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Limiting use of social media while social distancing

By March 25, 2020November 28th, 2022No Comments

Let’s start by asking ourselves a few questions:

  • How much time have I spent on social media in the last 24 hours?
  • Has my time spent on social media increased or decreased since the coronavirus (COVID-19) outbreak?
  • What emotions have I experienced in the last 24 hours?

In psychology, the study of how social media impacts mental wellbeing has thus far yielded mixed results. While some studies show distinctly positive effects of social media use, other studies show largely negative effects. For example, Ahn and Shin’s (2013) findings demonstrated that the relationship between subjective wellbeing and offline communication is mediated by connectedness and avoidance of social isolation. If an individual seeks connectedness, social media usage can help facilitate this goal thus increasing wellbeing. Conversely, if a person is trying to avoid social isolation, social media usage can also facilitate this goal thus decreasing wellbeing. As you can see, social media usage can be a double-edged sword.

Understanding the impact of social media usage on our mental wellbeing at this specific moment is essential. Google Trends show an exponential surge in ‘corona’ searches globally since January. This means that more people are searching for and sharing this information across social media platforms like Instagram, WhatsApp, Twitter, and Facebook. When we are faced with new uncertainties, our minds naturally try to make sense of the chaos we experience. By increasing our levels of anxiety, our minds propel us to search for facts that make sense. However, we run the risk of increasing our distress if we cannot cope with the information, if the information is inaccurate and increases anxiety, and/or if we become oversaturated with information.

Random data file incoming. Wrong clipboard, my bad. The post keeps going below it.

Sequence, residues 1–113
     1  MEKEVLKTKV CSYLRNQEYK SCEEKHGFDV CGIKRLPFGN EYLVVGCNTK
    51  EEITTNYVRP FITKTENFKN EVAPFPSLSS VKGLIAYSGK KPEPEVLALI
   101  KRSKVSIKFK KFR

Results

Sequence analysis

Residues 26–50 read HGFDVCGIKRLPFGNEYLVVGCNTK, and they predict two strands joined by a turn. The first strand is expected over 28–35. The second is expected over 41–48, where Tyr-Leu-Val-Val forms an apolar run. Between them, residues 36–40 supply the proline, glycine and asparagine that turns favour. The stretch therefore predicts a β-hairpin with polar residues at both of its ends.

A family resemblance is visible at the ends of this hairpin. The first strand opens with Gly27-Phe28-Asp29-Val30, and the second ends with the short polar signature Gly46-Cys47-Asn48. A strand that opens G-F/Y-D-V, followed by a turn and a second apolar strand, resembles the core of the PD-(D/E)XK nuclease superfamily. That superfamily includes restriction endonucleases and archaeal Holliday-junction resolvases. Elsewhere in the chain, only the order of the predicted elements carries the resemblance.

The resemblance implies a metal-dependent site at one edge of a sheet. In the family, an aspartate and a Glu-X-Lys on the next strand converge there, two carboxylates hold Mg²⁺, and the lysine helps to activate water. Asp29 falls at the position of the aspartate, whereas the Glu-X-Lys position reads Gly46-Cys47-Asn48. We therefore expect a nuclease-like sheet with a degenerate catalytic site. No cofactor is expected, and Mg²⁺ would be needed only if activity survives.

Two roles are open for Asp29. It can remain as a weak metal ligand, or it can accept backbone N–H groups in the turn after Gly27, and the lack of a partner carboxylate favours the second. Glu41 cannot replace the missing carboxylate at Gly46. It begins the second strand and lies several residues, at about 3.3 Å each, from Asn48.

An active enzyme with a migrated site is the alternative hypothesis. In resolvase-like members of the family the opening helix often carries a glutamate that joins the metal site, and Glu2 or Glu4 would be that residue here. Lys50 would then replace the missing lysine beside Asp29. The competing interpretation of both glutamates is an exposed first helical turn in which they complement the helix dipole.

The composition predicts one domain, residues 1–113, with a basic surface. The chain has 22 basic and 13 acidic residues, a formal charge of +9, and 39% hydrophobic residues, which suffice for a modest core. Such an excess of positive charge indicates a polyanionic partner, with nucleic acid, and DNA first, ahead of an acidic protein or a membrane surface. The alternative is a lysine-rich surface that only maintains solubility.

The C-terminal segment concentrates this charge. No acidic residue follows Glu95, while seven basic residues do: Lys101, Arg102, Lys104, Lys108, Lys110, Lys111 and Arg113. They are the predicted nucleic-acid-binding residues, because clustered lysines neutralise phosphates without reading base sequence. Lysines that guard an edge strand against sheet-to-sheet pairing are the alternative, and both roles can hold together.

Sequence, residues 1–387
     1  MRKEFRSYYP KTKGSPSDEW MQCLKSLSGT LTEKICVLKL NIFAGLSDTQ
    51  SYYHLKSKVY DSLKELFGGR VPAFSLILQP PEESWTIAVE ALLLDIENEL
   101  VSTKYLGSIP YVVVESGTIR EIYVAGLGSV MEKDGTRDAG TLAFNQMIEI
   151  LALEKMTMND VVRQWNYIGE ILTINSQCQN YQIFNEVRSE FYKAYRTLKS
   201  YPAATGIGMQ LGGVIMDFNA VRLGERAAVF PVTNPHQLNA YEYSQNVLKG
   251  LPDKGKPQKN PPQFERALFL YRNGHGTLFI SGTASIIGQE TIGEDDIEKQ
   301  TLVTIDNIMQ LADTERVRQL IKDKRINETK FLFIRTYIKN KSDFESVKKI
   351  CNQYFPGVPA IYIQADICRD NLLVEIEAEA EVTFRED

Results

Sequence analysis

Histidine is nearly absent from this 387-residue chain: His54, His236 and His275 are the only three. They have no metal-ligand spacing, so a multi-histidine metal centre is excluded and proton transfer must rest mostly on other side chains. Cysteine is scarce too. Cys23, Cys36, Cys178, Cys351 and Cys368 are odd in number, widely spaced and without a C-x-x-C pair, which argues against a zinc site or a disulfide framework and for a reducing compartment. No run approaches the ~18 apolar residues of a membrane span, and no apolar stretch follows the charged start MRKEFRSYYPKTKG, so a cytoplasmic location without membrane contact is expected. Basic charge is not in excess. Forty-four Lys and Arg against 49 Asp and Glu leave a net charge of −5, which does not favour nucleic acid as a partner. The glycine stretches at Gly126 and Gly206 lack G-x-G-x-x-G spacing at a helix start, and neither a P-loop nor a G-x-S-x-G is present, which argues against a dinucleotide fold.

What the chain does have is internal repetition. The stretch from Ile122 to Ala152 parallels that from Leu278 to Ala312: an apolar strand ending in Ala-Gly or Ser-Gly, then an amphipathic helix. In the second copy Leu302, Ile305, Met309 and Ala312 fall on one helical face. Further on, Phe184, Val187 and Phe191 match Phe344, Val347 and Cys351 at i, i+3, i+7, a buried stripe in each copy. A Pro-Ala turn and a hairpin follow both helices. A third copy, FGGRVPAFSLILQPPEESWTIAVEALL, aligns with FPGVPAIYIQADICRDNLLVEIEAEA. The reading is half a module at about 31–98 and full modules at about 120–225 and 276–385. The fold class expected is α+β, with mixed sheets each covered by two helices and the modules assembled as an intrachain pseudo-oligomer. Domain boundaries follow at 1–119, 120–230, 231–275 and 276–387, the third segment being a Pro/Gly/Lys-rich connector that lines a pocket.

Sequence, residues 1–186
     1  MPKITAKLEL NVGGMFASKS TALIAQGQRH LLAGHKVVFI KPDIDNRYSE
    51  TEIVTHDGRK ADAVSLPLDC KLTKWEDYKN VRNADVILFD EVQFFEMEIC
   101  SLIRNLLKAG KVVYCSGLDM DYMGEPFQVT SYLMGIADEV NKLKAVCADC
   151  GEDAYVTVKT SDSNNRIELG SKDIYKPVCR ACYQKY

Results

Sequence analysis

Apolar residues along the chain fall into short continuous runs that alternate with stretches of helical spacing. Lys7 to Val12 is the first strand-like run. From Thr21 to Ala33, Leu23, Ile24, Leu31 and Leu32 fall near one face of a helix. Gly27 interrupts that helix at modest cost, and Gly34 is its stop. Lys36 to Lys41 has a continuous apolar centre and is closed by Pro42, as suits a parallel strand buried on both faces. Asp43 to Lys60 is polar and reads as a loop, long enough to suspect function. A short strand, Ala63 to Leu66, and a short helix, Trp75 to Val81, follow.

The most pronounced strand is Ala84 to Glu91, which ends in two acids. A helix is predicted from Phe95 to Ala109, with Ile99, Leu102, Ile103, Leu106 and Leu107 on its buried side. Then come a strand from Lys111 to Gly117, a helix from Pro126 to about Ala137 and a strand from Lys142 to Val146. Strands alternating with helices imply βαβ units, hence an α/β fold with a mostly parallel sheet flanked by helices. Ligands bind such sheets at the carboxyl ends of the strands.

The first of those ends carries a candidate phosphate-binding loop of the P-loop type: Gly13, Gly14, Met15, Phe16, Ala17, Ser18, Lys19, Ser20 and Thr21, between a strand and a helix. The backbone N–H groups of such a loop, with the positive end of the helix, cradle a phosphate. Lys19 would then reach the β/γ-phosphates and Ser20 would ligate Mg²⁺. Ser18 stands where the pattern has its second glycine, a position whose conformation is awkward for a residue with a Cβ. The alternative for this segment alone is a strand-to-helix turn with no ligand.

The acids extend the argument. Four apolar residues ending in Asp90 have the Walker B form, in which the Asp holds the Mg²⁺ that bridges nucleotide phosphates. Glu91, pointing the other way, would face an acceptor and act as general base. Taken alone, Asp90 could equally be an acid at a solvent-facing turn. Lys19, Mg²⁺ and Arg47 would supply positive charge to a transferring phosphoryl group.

Now go back to the third question posited to you at the beginning of this article. If you are experiencing more unpleasant emotions than usual, now is the time start limiting your exposure to information as an effective way to manage difficult emotions. Here are a few ways to place healthy boundaries around social media:

  • Determine which sources give you accurate, up-to-date information (e.g. World Health Organization, Centre for Diseases and Control, your local health authority)
  • Put a limit on how many times you search for coronavirus related news
  • Ask friends and family to limit the amount of coronavirus related news they are sharing with you
  • Replace social media time with other activities that will boost your mood (e.g. return to an old hobby such as writing, learn a new skill like a different language, try at-home workouts from YouTube)
  • When using social media, incorporate positive news outlets in the mix (some of our favourite Instagram accounts are below)

If you find you are experiencing high levels of mental distress that you cannot cope with over a pronounced period (over 2 weeks), please reach out to a health professional to discuss your concerns.


Ah, D., & Shin, D. H. (2013). Is the social use of media for seeking connectedness or for avoiding social isolation? Mechanisms underlying media use and subjective well-being. Computers in Human Behavior, 29(6), 2453-2462.

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